“When I asked for concealer I meant for the last 10 years, not the wrinkles on my face.”

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I went along to the Treasury select committee in Portcullis House this afternoon to see five of the country’s best known financial journalists take a mild ruffling from John McFall and the boys. From the crowds milling in the corridor beforehand you could tell it was going to be top rate entertainment, and sitting inside were some newspaper A-listers – Quentin Letts doodling on his shorthand pad and Polly Toynbee bagging a seat near the front.

Simon Jenkins of the Guardian, Alex Brummer of the Daily Mail, Robert Peston of the BBC, Lionel Barber of the FT and Jeff Randall of Sky sat in front of the committee like unrepentant sixth formers. The mood swung back and forth from jocular to snappy. Tory MP Michael Fallon fired the first real salvo when he asked Peston whether he had any sources within the Treasury. Peston’s answer sent a ripple of chuckling through the crowd:

You won’t be surprised that the only area I’m uncomfortable talking about in public is sources of any sort. Over the years I’ve benefited from private conversations with a lot of people, including members of this committee. I’ve talked to you, for example.

Fallon pressed on, asking if Peston had his own pass to the Treasury. “I’m perfectly happy to say I have not got a pass to the Treasury,” Peston replied, adding that if Fallon liked he could ask the Treasury how often he was there, somewhere in the region of twice a year by his guess.

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Among predictable exchanges – did the witnesses feel responsible for precipitating the run on Northern Rock, no they didn’t – Simon Jenkins sounded the most controversial note.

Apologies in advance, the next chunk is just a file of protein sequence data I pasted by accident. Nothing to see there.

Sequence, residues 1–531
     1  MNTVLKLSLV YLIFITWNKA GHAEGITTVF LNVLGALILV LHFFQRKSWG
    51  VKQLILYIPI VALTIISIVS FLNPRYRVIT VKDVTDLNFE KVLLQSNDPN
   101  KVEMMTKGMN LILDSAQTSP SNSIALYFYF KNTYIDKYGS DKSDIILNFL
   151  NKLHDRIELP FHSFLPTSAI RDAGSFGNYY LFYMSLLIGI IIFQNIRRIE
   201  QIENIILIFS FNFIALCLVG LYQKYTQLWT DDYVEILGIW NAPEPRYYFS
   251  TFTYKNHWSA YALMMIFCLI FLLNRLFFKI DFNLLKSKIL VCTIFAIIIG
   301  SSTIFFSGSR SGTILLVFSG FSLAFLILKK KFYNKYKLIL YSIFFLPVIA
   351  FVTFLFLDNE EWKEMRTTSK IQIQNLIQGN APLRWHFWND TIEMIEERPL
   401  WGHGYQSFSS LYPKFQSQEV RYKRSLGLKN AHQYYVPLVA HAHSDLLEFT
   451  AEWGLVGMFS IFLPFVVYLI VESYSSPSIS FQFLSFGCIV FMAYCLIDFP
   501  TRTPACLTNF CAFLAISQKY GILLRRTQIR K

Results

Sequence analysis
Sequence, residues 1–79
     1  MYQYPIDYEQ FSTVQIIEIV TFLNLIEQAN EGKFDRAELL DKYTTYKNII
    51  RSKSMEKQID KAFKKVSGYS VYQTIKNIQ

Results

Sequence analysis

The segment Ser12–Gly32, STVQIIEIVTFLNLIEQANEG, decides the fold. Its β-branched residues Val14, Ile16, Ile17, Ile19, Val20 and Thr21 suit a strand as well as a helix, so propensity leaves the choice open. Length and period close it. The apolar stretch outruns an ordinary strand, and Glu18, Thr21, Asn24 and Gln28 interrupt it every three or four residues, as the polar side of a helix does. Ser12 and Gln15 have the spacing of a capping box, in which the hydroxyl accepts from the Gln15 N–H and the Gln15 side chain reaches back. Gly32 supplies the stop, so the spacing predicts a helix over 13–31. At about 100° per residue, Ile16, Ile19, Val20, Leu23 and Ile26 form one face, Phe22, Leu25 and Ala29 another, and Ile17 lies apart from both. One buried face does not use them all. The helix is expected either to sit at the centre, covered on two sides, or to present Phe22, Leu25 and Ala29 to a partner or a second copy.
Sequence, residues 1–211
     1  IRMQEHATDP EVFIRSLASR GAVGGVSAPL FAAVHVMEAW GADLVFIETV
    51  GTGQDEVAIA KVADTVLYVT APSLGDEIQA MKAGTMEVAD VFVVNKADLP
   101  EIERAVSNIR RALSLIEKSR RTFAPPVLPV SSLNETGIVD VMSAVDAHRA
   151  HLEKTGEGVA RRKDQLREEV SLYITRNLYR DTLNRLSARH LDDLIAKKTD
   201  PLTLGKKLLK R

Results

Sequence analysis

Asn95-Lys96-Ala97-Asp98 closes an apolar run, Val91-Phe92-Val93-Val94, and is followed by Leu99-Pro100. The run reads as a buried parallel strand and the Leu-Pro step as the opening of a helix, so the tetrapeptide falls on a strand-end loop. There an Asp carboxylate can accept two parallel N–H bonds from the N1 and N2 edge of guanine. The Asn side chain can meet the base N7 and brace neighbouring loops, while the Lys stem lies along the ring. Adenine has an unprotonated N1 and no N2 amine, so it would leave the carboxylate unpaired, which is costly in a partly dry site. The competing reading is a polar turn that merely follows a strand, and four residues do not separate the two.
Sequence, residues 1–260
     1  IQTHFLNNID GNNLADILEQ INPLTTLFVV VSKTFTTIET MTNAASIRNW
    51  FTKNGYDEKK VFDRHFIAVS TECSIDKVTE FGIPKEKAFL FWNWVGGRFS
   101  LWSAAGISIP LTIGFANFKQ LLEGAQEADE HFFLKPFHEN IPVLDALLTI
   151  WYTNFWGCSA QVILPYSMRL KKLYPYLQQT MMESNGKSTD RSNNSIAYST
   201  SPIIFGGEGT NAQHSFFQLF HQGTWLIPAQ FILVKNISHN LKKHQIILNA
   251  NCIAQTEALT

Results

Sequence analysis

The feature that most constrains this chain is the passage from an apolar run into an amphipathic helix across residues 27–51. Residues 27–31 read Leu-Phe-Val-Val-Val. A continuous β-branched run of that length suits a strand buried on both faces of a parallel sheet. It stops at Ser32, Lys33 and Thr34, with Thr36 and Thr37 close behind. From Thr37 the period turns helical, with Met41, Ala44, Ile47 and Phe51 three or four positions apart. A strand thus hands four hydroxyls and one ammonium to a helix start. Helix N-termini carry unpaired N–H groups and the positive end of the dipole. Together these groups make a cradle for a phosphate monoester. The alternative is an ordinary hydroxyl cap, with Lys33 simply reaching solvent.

He suggested the government leaked bad news about ailing banks to journalists like Peston before buying up the shares at a cheaper price a few days later.

I think the government has that level of competence. There was a massive interest to the taxpayer to make these shares cheaper. It would be almost weird for the government not to have done it, but how much the journalists involved knew about it I don’t know.

For the record, Peston and others rejected the idea. The talk dwindled as the session wore on, before at the end John McFall cheerily plugged Alex Brummer’s book, Crunched.

Guardian editor Alan Rusbridger was in a contemplative mood when he gave a talk at Oxford University last week. Against the backdrop of industry malaise, and despite predictions that the coming year will see a “harvesting of local newspapers”, Rusbridger managed to strike an upbeat note about the Guardian’s growing onrusbridger2line audience on the other side of the Atlantic.

This is the liberal hour in America, and it is the Guardian’s opportunity given its website and liberal style.

We’ve never spent a penny marketing it anywhere outside the UK. The audience came to us.

Rusbridger described the US’ leading papers as “amazingly parochial” and said that journalistically, America was withdrawing from the world.

He referred to American papers’ initial reaction to the Mumbai massacre, which they gave scant coverage.

The only problem at the moment is the fact search engines soak up the lion’s share of advertising revenue on the web. “They have got in between us and the advertisers,” Rusbridger said. “At some point there is going to be a sorting out of rules of trade between Google and content providers.”

He’ll need a strong latte before that meeting.